The Science of Strength
Thankfully, we don’t need a periodic table or fancy equations to figure out how to get fit. However, it is helpful to know what makes muscles grow. It might seem counterintuitive, but to grow, a muscle must first be broken down. And that is what happens when we lift weights. We are applying stress to our muscle fibres to create the best possible kind of injury, triggering satellite cells to rush to the scene of the “trauma” to repair our muscles. These cells fuse muscle fibres together and create new muscle protein, known as myofibrils. The result: bigger, stronger muscles.
When it comes to strength training, we can use this process in our favour. Because the body adapts quickly to challenging tasks, if it can’t do something, it will try and change to make it easier the next time. According to Nick Tumminello, the owner of Performance University, the key is creating a training plan that provides stimulus to the muscles and elicits growth. Tumminello says that if we want our muscles to grow, we must subject them to “metabolic stress, muscle damage and tension.” It’s also important to increase and vary the amount and types of stimulus over time. This concept is known as progressive overload. Putting the method into practice could be as simple as upping the weight on the bar, mixing in new exercises, or focusing on eccentric lowering of the weight.
So, what are the best methods for building muscle from diet to training techniques? We called in elite powerlifter Casey Williams, World Record holder for the squat (700 pounds) and the combined total of bench, squat, and deadlift (1,770 pounds) in the 220-pound weight class. Williams also coaches other athletes looking to get bigger and stronger. Here is his advice for anyone looking to build muscle safely and effectively.
“Big moves are an invaluable way to increase strength and lean muscle.”`
For gaining size and lean muscle, Williams recommends focusing on four main exercises — squat, bench press, deadlift, and overhead press — which aren’t just for powerlifters, he says. “Big moves are an invaluable way to increase strength and lean muscle.” And there’s science to back that up. Research shows that compound moves, such as the squat, recruit multiple muscle groups and elicit a larger hormonal response, making them more effective for building strength and muscle than isolated movements, like the leg extension. As for rep range, Williams recommends five or fewer repetitions for strength and six to 12 repetitions for gaining size.
It’s not just the moves that matter most; equipment also plays a role. Williams advocates free weights over machines, and suggests getting your hands on a barbell, flat bench, power rack and plenty of weights. When it comes to exercise machines, his best advice is to avoid them all. In one study, which compared the performance of free weight users with the progress of another group using exercise machines, those using free weights outperformed the machine users, showing marked improvement in strength and balance.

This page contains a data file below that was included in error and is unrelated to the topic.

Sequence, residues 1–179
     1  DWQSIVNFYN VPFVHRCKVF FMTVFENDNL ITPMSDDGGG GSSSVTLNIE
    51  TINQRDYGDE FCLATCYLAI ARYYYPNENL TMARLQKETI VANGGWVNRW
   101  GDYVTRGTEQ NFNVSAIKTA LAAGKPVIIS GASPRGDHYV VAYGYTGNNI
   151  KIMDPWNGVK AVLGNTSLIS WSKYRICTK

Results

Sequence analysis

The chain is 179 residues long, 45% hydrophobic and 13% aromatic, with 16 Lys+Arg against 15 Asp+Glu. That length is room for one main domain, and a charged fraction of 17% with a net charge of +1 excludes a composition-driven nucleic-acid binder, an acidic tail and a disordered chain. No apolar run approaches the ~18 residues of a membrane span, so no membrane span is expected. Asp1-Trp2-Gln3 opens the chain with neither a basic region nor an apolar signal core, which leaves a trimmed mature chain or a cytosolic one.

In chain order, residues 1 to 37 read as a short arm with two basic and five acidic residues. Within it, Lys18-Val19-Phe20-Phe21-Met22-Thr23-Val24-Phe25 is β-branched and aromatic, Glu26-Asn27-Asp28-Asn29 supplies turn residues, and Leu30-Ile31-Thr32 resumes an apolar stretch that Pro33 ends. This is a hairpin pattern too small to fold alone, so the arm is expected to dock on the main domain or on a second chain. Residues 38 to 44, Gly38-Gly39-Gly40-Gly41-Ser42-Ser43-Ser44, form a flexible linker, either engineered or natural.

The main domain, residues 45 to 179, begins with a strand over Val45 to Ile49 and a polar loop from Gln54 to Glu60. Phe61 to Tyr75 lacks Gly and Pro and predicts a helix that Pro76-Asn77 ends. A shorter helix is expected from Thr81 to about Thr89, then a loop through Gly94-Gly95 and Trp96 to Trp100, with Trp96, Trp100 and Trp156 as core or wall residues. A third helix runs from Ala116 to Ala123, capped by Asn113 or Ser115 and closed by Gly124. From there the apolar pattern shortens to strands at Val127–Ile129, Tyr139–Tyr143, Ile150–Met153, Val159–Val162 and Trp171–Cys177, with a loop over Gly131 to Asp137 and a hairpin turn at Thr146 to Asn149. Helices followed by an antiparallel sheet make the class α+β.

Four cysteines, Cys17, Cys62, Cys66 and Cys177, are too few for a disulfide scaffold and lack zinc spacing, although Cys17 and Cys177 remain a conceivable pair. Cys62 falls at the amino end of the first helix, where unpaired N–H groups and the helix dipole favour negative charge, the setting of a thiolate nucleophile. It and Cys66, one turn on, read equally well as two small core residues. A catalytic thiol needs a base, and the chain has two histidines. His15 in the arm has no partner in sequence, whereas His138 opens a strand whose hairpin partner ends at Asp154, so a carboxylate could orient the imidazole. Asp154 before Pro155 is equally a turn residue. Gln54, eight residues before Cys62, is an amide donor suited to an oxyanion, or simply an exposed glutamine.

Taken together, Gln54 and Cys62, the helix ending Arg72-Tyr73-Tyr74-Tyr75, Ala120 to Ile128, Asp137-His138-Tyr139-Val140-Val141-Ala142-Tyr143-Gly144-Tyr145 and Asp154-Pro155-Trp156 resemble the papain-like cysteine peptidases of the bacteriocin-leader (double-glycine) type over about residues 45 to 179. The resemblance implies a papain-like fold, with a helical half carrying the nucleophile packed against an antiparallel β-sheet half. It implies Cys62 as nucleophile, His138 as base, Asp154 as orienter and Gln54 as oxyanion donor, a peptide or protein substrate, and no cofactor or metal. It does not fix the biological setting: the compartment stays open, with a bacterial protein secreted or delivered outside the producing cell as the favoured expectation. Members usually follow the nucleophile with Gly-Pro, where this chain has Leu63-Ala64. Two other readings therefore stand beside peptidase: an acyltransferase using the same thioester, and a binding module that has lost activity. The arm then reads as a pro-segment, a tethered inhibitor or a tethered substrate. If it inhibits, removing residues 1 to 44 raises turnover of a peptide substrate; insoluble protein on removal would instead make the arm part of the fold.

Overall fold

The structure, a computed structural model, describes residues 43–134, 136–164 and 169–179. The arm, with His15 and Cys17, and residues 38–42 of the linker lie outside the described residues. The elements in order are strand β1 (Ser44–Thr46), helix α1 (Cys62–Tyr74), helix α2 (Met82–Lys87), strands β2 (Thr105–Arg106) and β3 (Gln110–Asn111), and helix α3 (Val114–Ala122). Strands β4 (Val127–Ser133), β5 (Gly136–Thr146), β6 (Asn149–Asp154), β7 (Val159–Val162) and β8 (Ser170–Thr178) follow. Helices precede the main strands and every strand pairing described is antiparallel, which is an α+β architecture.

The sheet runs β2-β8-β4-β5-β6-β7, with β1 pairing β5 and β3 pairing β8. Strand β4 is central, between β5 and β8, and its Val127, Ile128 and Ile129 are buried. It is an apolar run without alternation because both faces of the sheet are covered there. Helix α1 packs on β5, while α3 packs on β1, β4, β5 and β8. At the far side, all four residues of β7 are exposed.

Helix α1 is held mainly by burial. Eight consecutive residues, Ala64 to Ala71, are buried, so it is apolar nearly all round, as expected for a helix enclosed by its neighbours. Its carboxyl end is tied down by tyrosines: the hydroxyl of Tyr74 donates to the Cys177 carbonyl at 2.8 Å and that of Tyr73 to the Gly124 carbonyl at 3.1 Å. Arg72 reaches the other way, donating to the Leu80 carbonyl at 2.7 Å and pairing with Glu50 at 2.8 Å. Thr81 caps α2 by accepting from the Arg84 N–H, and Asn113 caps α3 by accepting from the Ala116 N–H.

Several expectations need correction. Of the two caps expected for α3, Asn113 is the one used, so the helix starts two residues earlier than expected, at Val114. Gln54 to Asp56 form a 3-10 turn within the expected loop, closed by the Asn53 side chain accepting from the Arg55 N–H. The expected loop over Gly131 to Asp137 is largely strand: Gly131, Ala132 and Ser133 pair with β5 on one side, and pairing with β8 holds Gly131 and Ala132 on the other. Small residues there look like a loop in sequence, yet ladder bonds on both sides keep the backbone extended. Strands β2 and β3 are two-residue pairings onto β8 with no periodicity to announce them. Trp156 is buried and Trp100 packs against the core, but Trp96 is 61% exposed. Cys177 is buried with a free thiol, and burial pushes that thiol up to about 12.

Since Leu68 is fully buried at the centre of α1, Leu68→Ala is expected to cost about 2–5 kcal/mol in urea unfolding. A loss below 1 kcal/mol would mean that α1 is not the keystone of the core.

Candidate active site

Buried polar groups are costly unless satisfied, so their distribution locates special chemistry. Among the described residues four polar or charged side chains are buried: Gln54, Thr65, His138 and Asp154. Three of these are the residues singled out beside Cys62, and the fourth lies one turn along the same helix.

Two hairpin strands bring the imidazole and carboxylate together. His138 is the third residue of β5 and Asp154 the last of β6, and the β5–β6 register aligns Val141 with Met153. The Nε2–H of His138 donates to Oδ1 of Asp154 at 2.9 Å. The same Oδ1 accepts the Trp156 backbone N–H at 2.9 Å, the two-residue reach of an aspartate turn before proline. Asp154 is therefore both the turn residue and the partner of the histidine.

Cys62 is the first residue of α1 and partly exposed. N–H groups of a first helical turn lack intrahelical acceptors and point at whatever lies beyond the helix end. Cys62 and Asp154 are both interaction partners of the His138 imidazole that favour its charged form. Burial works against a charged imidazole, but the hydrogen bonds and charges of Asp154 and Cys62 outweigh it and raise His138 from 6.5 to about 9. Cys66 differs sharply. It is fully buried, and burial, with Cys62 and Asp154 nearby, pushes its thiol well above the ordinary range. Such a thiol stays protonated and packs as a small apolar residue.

If size is the goal, it’s best to prioritize muscle over miles. That doesn’t mean zero cardio, just a different kind. Think about it: A pro football player doesn’t train the same way as a world-class endurance athlete does. Focus on preserving muscles and burning fat. To accomplish those goals Williams recommends using hills sprints and farmer’s walk as part of a cardio routine. He also suggests sled pushes and pulls, which combine strength training with cardiovascular conditioning.
Packing on muscle usually calls for the consumption of additional calories, but it’s important to focus on quality over quantity. According to the Department of Medicine at University of Washington School of Medicine, the diet for an athlete or exerciser should not deviate from that of a healthy individual except in the overall amount of food. By avoiding processed foods, refined sugars and alcohol, and opting for lean protein, complex carbohydrates and healthy fats, lifters can adequately fuel their body to make gains in the gym.
It is the combination of work and rest that will lead to results.
Finding the exercise sweet spot can be a challenge. Too much exercise will result in overtraining, increased risk of injury and halted progress. On the other hand, too little exercise can make building muscle an uphill battle. It’s the combination of work and rest that will lead to results. Creating a training plan that allows for a day off between workouts is one method Williams recommends for beginners. More experienced lifters may be able to sustain a training plan that includes more workouts each week. But even then, Williams suggests a deloading phase every four to six weeks. This phase includes a reduction in the amount of weight during training sessions. Williams also points out that insufficient sleep can drastically affect performance in the gym and cause a strength training plateau.
There is no secret to making muscles grow. Although the process is not complicated, it does require commitment and consistency. But by challenging your body on a regular basis and fuelling with proper nutrition, results are sure to follow